The treatment for an episode is high-dose steroids, first intravenously, then orally, to calm down the inflammation in the central nervous system. Often this can avert the dreaded physical disability—the numbness, the blindness, the roaring in the ears—completely. So I’ve spent hours over the last three days in the ER of our little local hospital, waiting to be hooked up, and then being hooked up, to an I.V. machine so that this stuff that also causes insomnia, “false energy,” taste distortion, mood swings, and oh yes, hairiness, can be pumped into my veins and stop, we hope, my body from destroying my brain.
So far I haven’t sprouted a moustache or taken a swing at anyone I care about, and I haven’t gone numb or blind or half-deaf. Excellent. I got the I.V. out today (also excellent), start oral meds tomorrow, and will have some idea how I’m doing in a couple more weeks.
   Anyway, that’s what happened to me this week. I’ve spent unprecedented hours on the couch in a limp pile, and even the ER in a small place like Bozeman, where you know the folks and they know you after a day—“Hey, Michelle, don’t they ever let you go home?” “Hi, Kate, come on back here and we’ll get you set up.”—well, it’s not like home.

____________________________________________

Nina_simone_1969
Photo by Jack Robinson, 1969.

I thought I'd give a shout-out today for one of my favorite singers ever, Nina Simone, (1933 – 2003) who's suddenly been popping up in movie soundtracks here and there, and who I swear was sampled in a Jay-Z song a few years ago. She deserves a much bigger write-up than I can give her now, but here's the woman herself, in a brief but inspired bit at the end of Screamin' Jay Hawkins' "I Put a Spell on You." This is the 1968 take.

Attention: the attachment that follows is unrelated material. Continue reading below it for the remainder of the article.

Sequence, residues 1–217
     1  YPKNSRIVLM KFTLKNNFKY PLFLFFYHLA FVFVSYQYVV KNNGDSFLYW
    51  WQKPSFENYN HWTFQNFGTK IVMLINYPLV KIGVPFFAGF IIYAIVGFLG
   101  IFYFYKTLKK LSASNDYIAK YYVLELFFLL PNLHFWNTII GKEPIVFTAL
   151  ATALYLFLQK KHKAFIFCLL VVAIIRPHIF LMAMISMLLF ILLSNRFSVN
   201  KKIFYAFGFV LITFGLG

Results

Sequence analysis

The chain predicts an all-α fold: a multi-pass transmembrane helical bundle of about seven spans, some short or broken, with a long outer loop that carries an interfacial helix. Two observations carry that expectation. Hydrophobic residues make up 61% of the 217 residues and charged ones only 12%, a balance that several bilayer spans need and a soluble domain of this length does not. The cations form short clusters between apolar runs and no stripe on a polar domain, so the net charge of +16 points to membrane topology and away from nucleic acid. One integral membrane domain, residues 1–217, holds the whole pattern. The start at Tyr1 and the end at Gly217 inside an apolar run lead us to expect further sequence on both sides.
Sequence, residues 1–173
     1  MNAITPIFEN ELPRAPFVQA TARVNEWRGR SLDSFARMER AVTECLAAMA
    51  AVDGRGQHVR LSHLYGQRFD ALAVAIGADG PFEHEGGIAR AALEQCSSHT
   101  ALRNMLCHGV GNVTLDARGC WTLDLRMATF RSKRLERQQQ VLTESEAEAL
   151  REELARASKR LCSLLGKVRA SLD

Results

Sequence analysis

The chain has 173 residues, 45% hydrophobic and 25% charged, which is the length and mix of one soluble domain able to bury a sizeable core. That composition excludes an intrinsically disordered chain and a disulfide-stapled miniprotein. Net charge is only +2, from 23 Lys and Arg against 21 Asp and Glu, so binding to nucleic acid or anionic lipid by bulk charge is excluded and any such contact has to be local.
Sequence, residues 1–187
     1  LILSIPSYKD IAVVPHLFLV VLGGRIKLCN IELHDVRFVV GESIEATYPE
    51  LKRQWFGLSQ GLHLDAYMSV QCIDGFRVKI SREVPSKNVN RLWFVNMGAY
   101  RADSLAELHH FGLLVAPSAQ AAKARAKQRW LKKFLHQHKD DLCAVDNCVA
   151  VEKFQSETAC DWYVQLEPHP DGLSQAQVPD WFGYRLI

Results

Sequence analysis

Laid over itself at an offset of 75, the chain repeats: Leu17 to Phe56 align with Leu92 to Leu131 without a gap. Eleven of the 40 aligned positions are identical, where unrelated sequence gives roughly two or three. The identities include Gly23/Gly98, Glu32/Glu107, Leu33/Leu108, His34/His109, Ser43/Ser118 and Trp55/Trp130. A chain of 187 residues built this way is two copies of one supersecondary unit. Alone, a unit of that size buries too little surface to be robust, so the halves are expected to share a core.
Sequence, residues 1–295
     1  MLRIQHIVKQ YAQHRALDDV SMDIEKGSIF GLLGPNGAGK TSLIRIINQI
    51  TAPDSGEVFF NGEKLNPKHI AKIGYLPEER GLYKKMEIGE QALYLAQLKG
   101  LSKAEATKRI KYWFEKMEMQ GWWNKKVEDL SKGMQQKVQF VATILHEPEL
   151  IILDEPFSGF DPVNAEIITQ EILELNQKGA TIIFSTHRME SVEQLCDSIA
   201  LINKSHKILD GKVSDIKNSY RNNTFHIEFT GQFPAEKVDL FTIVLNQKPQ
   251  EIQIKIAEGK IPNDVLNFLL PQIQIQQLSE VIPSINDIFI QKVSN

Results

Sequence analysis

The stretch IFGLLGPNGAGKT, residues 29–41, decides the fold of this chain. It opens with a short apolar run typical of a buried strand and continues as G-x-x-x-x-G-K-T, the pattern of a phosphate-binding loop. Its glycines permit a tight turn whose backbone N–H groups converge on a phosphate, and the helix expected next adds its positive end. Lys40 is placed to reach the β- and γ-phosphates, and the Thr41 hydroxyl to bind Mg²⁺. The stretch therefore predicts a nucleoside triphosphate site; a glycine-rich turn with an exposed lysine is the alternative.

For the whole thing, go here for the original '68 version, and here for a much updated live one from '92, and you actually get to see her at the piano, and in a bit of obscure give and take with the audience.

It's hard to find good YouTube clips; there are no live renditions of some of my favorites, and it's great to see the woman in action. Check out her incomparable "I Want a Little Sugar in My Bowl," a fine, fine reworking of Bessie Smith's classic by almost the same name, except where Simone had "want," Smith had "need." There's no live video of this, which is howling shame, so I've linked to one that has a recently choreographed dance, by Maggie Boogaart of Amsterdam. It's fun, though not nearly as steamy as the song, unfortunately. (Nothing that steamy could possibly be shown here in the States, but heck, in Amsterdam?)

I first heard of Simone from a high school student at the school where I had my second teaching job. He got me hooked, I roped in not-yet-husband-Steve, and now both our kids listen to her. Steve and I actually got to see her in concert, in San Francisco, I think it was. The conversion song for most of the family was "Baltimore," for which again, I can't find a live performance video. My student friend got to call out the words of this to her once, when she forgot them onstage. He was high for weeks. Here it is:

18 Responses to MS flare-up lays the Manic low

  1. Kate – I’m sending you all good thoughts and hugs your way to help you on your way into remission.
    Hubby went swimming training yesterday as usual, but this time Stephanie was there. So he came back after a super excellent workout as Stephanie’s rather a good swimmer. She’s got MS (was blind at one point, but has recovered) and competed at the paralympics last year.

  2. Sending you our best thoughts and energies from the Shibaguyz and the Shibakidz… keep us posted, please.

  3. Thanks for sharing your story. I never really understood what MS was, and felt to nosey to ask. I missed you while you were gone from blog world, hope you get feeling better.

  4. So far I haven’t sprouted a moustache or taken a swing at anyone I care about, and I haven’t gone numb or blind or half-deaf. Excellent.
    So . . . how many people have you taken swings at that you don’t care about?
    But seriously. This is the best explanation I’ve seen yet for what MS is and does. Not that being able to write the explanation makes up for having the disease, obviously.

  5. I’ll be thinking about you. I hope you get better soon.